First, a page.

PARIS — Satellite broadband services provider Hughes Network Systems LLC, which expects to begin commercial service on its all-Ka-band Spaceway 3 satellite in April, said it will approach the new owners of satellite-television provider DirecTV Group in hopes of purchasing one of DirecTV’s two Spaceway satellites, Hughes officials said.
In a March 3 conference call with investors, Germantown, Md.-based Hughes officials said they intended to use a planned $300 million equity or debt offering to purchase the DirecTV satellite, or to buy a new broadband satellite on their own.
Hughes Chief Executive Pradman P. Kaul said the company would be in a transition year in 2008 as it begins operations of Spaceway 3, and incurs related costs associated with that, while continuing to pay for the Ku-band capacity Hughes leases on about a dozen satellites.
As its existing Ku-band satellite-lease contracts expire, Hughes gradually will transition customers to the Spaceway 3 satellite. But this will require that customers install new equipment.
said once Spaceway 3 is fully commercial, the company expects to be booking new consumer and small-business subscribers at a rate of 40,000 per quarter, if not better. While the HughesNet consumer broadband service continues to expand, it is not growing at that rate now. The company said it added 15,200 subscribers to the service in the three months ending Dec. 31, bringing the total to 379,900.
Total consumer-broadband subscribers were up 16 percent in 2007 compared to 2006.
declined to speculate on how fast the Spaceway 3 satellite would be able to add subscribers, saying much depended on the level of incentives, including subsidies for the consumer hardware, Hughes would offer to new subscribers.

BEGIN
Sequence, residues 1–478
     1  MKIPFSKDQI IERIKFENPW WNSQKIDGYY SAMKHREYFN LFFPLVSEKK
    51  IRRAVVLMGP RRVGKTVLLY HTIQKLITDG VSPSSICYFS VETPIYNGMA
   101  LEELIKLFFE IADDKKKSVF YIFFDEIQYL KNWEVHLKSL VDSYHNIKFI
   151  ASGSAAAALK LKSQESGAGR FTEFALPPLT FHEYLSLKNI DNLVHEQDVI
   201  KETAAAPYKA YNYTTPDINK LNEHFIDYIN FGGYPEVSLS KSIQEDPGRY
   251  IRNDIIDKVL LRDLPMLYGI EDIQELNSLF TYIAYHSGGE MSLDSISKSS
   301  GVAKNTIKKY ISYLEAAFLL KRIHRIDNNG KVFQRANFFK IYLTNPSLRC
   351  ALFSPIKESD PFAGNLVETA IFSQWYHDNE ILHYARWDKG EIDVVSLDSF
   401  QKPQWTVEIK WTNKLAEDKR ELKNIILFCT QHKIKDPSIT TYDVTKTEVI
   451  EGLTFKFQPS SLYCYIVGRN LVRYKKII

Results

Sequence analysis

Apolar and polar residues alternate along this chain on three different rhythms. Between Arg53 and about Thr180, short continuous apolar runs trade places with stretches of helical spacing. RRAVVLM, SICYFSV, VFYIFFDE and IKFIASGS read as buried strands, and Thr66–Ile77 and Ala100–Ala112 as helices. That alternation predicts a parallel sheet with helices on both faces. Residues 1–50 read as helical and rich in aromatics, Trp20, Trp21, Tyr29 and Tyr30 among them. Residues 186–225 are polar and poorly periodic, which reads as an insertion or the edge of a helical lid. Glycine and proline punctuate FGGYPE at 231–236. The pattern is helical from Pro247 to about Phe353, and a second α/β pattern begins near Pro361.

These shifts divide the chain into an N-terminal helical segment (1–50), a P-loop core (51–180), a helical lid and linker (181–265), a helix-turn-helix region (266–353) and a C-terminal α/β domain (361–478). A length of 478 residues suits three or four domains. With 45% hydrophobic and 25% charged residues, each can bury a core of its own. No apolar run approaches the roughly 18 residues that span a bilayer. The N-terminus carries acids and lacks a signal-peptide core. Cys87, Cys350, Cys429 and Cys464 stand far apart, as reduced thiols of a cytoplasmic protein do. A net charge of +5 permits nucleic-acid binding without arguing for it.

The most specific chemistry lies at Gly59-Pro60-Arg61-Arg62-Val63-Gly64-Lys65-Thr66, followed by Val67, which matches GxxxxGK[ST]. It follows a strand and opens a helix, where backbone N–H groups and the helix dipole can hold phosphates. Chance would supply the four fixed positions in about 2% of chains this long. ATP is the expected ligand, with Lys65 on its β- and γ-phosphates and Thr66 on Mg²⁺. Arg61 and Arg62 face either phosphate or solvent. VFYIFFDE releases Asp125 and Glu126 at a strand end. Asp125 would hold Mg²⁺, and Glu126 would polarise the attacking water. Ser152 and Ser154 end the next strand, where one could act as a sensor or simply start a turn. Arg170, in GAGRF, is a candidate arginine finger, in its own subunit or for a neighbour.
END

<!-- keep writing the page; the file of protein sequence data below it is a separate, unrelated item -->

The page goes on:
“We believe the market is robust,” Kaul said. “I think our uptake is going to be very strong.”
Hughes Chief Financial Officer Grant Barber said the company registered for a $300 million debt or equity offering to give it financial flexibility to complete the purchase of one of the two DirecTV-owned Spaceway satellites, or to order its own new spacecraft.
Liberty Media Corp. in late February completed its purchase of 41 percent of DirecTV, and Kaul said Hughes now would enter into talks to determine whether DirecTV is willing to sell a satellite to Hughes. The two companies used to be under the same corporate roof.
said Hughes had not yet begun negotiations with DirecTV on the proposed transaction.
Spurred in part by contracts for ground-based, beam-forming networks for mobile satellite services companies, Hughes reported increased revenue and profit for 2007. Revenue totaled $970 million, up 13 percent from 2006. EBITDA, or earnings before interest, taxes, depreciation and amortization, was 14.3 percent of revenue. Net profit was up 161 percent, to $50 million.
New orders booked in 2007 set a company record, totaling $1.1 billion, which was a 30 percent increase over the previous year.